Thanks HGB for agreeing to superintend translation of Origin.
Comments on HGB's review.
Encloses corrections and preface for Schweizerbart. Discusses translation of term "natural selection".
Down. Bromley Kent.
My dear & much honoured Sir
I thank you cordially for your extreme kindness in superintending the Translation I have mentioned this to some eminent scientific men, & they all agree that you have done a noble & generous service— If I am proved quite wrong yet I comfort myself in thinking that my book may do some good; as truth can only be known by rising victorious from every attack. I thank you also much for the Review & for the kind manner in which you speak of me.— I send with this letter some corrections & additions to M. Schweitzerbart, & a short historical Preface. I am not much acquainted with German Authors as I read German very slowly. Therefore I do not know whether any Germans have advocated similar views with mine; if they have would you do me the favour to insert a footnote to the Preface? M Schweitzerbart has now the reprint ready for a Translator to begin—
Several scientific men have thought the term ``Natural Selection'' good, because its meaning is not obvious & each man could not put on it his own interpretation, & because it at once connects variation under domestication & nature Is there any analogous term used by German Breeders of Animals? ``Adelung'' ennobling would or perhaps be too metaphorical. It is folly in me but I cannot help doubting whether ``Wahl der Lebens-weise'' expresses my notion— It leaves the impression on my mind of the Lamarckian doctrine (which I reject) of habits of life being all important— Man has altered & thus improved the English Race Horse by selecting successive fleeter individuals; & I believe owing to the struggle for existence that similar slight variations in a Wild Horse if advantageous to it would be selected or preserved by nature; Hence Natural Selection— But I apologise for troubling you with these remarks on the importance of choosing good German terms for ``Natural Selection''.
With my heartfelt thanks & with sincere respect— I remain Dear Sir | Yours very sincerely— | Charles Darwin—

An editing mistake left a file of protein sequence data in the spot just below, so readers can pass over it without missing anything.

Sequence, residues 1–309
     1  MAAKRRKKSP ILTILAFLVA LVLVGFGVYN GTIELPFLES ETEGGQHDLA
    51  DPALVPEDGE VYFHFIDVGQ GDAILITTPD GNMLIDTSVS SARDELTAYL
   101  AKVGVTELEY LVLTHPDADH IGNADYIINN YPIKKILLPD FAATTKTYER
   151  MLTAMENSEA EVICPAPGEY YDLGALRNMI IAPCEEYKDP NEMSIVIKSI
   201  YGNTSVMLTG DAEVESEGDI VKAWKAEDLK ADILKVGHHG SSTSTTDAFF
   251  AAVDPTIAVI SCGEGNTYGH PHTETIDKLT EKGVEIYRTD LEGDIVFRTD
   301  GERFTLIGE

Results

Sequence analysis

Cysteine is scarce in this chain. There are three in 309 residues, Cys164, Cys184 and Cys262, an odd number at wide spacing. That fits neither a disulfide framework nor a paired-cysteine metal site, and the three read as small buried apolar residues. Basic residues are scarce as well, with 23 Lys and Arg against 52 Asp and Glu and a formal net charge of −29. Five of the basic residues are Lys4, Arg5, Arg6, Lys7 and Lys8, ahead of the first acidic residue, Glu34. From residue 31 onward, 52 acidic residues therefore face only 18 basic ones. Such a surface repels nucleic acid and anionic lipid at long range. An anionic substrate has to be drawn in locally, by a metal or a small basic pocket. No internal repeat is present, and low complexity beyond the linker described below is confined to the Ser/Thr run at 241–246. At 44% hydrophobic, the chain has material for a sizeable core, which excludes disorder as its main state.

I am very much obliged for your ``Stuffengang &c'' which I am now reading— I wish I knew what was the authority for a Batrachian in the New Hebrides.—
- f1 2698.f1Dated by the reference to the German translation of Origin.
- f2 2698.f2Bronn 1860a. There is a copy of the review in the Darwin Pamphlet Collection--CUL.
- f3 2698.f3Christian Friedrich Schweizerbart, owner of the publishing firm E. Schweizerbart of Stuttgart, was the publisher of the German edition of Origin (see letter to H. G. Bronn, 4 February ). The historical preface that CD had composed for the authorised American edition of Origin (see Appendix IV) was also published in the German edition of 1860. It was subsequently expanded and included in the third English edition.
- f4 2698.f4Bronn did not follow CD's suggestion, although he did include a footnote to the discussion of ´Etienne Geoffroy St Hilaire's views on species (Bronn trans. 1860, p. 2 n.):
Bekanntlich kam er in der Akademie mehrmals zu heftigen Auftritten noch mit Cuvier, welcher die Best¨andigkeit der Species gegen ihn vertheidigte. D. ¨Ubers. [It is well known that on several occasions in the academy he had violent clashes with Cuvier, who defended against him the view of the constancy of species. The translator.]In the historical sketch included in Origin 3d ed., CD cited the German naturalists Hermann Schaaffhausen, Karl Ernst von Baer, and Karl Friedrich Burdach as having expressed views on species change. In a note (p. xviii), he added to these Franz Unger, Joseph Wilhelm Eduard d'Alton, and Lorenz Oken on the basis of references given in Bronn 1858b.
- f5 2698.f5In his review of Origin, Bronn had referred to natural selection as `Wahl der Lebens-Weise' (Bronn 1860a, p. 112). The term Bronn used in his translation was `nat¨urliche Z¨uchtung'.
- f6 2698.f6Bronn 1860b. There are two copies in the Darwin Pamphlet Collection--CUL, one of which is annotated.
- f7 2698.f7Bronn 1860b, p. 13 n. According to CD's views on the colonisation of oceanic islands, it would be very difficult for frogs or their eggs, which are damaged by salt-water, to reach isolated areas such as the New Hebrides.